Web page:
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PHOTOS: Local Jews Among Joplin’s Missing Following Massive Tornado

With half of the small city of Joplin, Mo., destroyed by the second-deadliest tornado in United States history, relief workers and rescue personnel are pouring into the Midwestern town to help its scarred and tattered population.

Along with the American Red Cross and local disaster agencies, Rabbi Yehuda Weg, the Tulsa-based director of Chabad-Lubavitch of Oklahoma, was headed into the worst of the destruction with a list of Jewish community members in need or missing. He stocked a car with food and clothing and was expected to arrive in Joplin late Monday night.

“This is absolutely horrific,” said the rabbi, who goes to Joplin twice a month to supervise kosher production lines at several food manufacturers and to meet with local Jews. “This tornado was six miles long and almost a mile wide, and went right through the center of town.”

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Weg said that those missing following the tornado included two brothers active in the Jewish community. One of them lives across the street from Joplin High School, which was reduced to “a pile of bricks.”

Omer Mani, an Israeli expatriate who operates a kiosk at the Northpark Mall, said that he was at work when the severe storm system came barreling through town late Sunday afternoon. The mall withstood the winds, but when he returned home to his unit at the Plaza Apartments, he found a scene of immense devastation.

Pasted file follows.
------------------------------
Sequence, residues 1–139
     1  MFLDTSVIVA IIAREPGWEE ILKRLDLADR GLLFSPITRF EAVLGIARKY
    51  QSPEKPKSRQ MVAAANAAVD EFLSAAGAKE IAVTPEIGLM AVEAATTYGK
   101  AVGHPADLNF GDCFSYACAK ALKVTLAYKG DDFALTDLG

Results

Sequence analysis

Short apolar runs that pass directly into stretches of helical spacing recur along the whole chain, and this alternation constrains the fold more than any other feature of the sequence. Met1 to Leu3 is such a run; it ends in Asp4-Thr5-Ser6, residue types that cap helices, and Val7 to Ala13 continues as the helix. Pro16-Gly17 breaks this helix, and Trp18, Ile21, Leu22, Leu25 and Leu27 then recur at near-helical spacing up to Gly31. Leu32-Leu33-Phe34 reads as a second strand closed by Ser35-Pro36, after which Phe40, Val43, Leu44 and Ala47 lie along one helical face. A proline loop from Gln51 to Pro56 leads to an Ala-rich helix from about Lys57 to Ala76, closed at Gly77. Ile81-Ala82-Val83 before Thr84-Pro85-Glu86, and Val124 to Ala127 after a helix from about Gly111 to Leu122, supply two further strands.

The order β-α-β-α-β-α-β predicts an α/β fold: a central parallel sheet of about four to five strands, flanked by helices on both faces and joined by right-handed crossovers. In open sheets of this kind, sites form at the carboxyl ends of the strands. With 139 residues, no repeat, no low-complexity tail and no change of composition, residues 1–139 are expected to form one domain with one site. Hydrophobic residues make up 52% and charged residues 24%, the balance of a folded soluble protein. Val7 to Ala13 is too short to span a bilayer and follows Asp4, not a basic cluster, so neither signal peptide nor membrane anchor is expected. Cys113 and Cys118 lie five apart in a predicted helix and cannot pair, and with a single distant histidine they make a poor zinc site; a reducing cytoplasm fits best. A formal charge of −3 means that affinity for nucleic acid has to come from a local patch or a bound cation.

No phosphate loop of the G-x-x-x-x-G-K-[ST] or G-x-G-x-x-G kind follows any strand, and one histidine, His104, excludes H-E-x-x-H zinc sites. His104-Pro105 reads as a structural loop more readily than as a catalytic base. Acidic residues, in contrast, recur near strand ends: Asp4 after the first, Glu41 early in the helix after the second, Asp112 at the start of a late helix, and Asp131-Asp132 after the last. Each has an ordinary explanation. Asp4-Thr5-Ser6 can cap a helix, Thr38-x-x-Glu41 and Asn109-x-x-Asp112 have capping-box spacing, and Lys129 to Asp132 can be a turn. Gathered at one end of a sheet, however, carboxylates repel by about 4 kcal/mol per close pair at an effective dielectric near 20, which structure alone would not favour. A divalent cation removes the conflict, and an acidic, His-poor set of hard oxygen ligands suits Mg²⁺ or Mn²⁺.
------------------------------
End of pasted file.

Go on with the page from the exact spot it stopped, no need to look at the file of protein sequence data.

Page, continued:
“Everything is destroyed,” said a shaken Mani. “I lost everything.”

Amazingly, Mani discovered that his Jewish prayer boxes known as tefillin, a Hebrew prayer book, and a bound copy of the five books of the Torah survived. He grabbed them from the pile of rubble and went to a friend’s house.

“Down the main street of Joplin, most everything is gone,” said the man. “There’s one quarter of the city that has electricity, and a quarter that has nothing, but is standing. Everything else is gone.”

According to the National Weather Service, the Joplin tornado was part of a massive system of severe thunderstorms that spawned several twisters across the Midwest. As of Monday afternoon, the death toll stood at 116, with dozens more missing. More severe weather could be in store for the area tonight, forecasters said.

Mayor Mike Woolston declared Joplin a disaster area and Missouri Gov. Jay Nixon dispatched National Guard troops to the area.

“As a state, we are deploying every agency and resource available to keep Missouri families safe, search for the missing, provide emergency medical care, and begin to recover,” said Nixon.

While Weg was immediately concerned with a Jewish community that numbers between 15 and 20 people, he emphasized that he was going to Joplin to help whoever needed assistance.

“The scope of this tragedy is immense,” said the rabbi. “It’s clear that things are worse than even the news reports are describing.”


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